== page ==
This section is from the book "The Beverages of the Chinese; Kung-fu or Tauist Medical Gymnastics; the Population of China; A Modern Chinese Anatomist and A Chapter in Chinese Surgery.", by John Dudgeon. Also available from Amazon: Kung Fu, or Taoist Medical Gymnastics.
Officials from the North, proceeding to the South and there acquiring the opium habit, on their return often state that their reason for beginning it was the miasma of the South, which the people say is fatal if encountered. This pestilential vapour is termed chang The opium evil exists largely in large non-malarious tracts of the Chinese Empire. The supposed prophylactic properties of spirits in warding off fevers and other diseases do not fall within the scope of the present Paper. Some of the suggestions here thrown out seem certainly worthy of our imitation. Part of the present Paper was originally intended for an article on the Drink Question in China, the sequel to one published a few years ago in one of our first class provincial newspapers on the Norwegian Drink System, after a visit paid to that country and Sweden, and investigation into the subject on lines similar to those since followed by certain public writers and speakers.
Substitutes for Tea, proposed by the Chinese author of the work on Dietetics quoted in this Paper (See page 13).
Chin yin hwa ye
Lonicera Japonica (leaves).
Kow ch'i tse miao ye
Lycium Chinense (buds and leaves.
Ts-e pai ye
Cupressus funehris (leaves).
Wu chia ken ye
Elentherocrocus (roots and leaves).
Hwai chih ye hwa shi'h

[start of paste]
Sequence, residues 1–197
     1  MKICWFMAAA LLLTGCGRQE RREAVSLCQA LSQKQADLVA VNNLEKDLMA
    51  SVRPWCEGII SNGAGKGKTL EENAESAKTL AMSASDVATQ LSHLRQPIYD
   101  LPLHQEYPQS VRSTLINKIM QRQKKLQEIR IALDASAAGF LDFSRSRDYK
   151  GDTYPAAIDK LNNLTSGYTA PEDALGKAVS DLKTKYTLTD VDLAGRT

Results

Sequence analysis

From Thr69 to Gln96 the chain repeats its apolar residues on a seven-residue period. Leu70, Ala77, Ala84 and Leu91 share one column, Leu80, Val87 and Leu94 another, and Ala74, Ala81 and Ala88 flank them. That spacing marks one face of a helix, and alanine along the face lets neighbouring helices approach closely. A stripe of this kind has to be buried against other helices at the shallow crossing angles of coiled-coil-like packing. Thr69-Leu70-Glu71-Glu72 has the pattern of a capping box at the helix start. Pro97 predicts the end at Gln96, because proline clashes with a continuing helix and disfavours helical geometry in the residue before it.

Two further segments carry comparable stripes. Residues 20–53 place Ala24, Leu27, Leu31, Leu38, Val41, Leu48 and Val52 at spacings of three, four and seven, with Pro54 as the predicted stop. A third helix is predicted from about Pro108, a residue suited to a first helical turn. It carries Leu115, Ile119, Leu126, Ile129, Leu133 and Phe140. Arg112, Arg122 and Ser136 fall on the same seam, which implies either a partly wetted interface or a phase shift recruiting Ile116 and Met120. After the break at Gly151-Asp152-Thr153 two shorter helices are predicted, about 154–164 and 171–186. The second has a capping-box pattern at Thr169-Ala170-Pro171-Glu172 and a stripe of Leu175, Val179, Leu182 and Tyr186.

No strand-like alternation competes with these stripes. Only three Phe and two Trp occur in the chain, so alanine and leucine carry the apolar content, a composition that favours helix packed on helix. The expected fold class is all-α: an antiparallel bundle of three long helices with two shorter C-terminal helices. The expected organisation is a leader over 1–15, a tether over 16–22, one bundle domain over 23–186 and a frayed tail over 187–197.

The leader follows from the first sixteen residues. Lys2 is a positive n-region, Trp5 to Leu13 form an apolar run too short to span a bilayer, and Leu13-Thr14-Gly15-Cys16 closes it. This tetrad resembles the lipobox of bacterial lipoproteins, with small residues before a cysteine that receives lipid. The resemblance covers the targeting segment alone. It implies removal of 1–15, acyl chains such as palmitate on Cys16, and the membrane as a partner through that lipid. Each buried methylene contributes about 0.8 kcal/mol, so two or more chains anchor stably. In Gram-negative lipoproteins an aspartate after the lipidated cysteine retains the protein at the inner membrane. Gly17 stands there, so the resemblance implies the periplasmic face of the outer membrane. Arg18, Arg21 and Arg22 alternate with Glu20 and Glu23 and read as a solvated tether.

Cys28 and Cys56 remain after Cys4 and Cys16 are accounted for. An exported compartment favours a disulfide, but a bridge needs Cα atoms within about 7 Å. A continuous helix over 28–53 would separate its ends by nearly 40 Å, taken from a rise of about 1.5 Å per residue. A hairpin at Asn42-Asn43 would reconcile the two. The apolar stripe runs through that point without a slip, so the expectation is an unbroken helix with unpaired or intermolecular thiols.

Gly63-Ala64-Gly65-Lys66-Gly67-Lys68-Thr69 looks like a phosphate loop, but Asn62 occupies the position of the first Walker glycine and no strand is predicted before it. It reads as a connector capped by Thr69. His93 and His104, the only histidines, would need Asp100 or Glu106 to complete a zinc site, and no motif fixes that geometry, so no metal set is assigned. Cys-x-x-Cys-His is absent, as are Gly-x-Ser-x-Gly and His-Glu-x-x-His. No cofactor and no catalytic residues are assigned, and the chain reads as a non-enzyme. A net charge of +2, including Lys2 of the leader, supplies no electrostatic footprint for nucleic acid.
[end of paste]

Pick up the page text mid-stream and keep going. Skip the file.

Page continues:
Sophora faponica (twigs, flowers, and buds).
Ti'en men tung chi
Asparagus filicinus (juice of the roots).
Ti hwang chi
Rehmannia glutinosa (juice).
Kan ts'ao chi
Lu ken chi
Phragmitis Roxbnrghii (juice).
T'u fu ling chi
China - root juice (Smilax).
Ch'u ken p'i ye chi
Boehmeria nivea China Grass (bark of roots and juice of leaves).
Lan ye chi
Indigo leaves (juice).
Ch'o ts'ien ye shih chi
Plantago major (juice of leaves and seeds).
Mu chin hwa ye p'i chi
Hibiscus Syriacus (juice of the bark of the-leaves and flowers).
Chi ma chi
Siao mai chi
Trtticum [ Wheat'] (juice).
Ta mai chi
Hei tow chi
Glycine hispid a (soja). Black bean (juice).
Lu tow chi
Phaseolus mun go (Kidney bean). Green bean (juice).
Pien tow chi
Dolichos lab lab (juice).
Ching mi chi
Lo mi chi
Glutinous Rice (juice).
Su mi chi
Setara Italica (juice).
Shu mi chi
Tse su ye chi
Perilla ocymoides (juice of leaves).
Po ho chi
Mentha juice (Peppermint).
Lai fu chi
Kan lan chi
Lung yen chi
Nephelium Longana (juice).
Chu ping chi
Juice of orange cakes.
Ping lang chi
On Page 4. - Insert this omitted paragraph: -
In the Herbal, tea is found under the word ming It is there said that, in Shen Nung's Shih Clung ch'a-mingwas first produced in I-chow a city in Szechuan, in the time of the Five Dynasties, - the modern capital of that province, Ch'eng-tu Fu
On Page 6. - After boiling water, add - " or boiled water near the boiling point."
On Page 13. - For for, read far.
For thirty-five read thirty-six.
On Page 14. - Line 6, for proposed, read prepared.
By yellow millet is meant the grain called shu panicum miliaceum. The siau-mi small millet, is the setaria italica; and the tall millet, or kau-liang, is the holcus sorghum.
On Page 28. - For ligusticum dentilolum, read Ligusticum acutilobum. For Yetae, read Getae.
After Ch'iung-tse add: - On the frontiers of Szechuan and Thibet, it was introduced into China from the time of the Marquis Po Wang (that is the title by which Chang Ch'ien, the envoy to the Central Asian states, was ennobled); so the Ode says, etc., etc., etc.
On Page 36. - For aligno, read aliquo; and for misces, read mices.
On Page 38. - After tinctures add - "or liqueurs."
On Page 52. - For grape most, read grape must.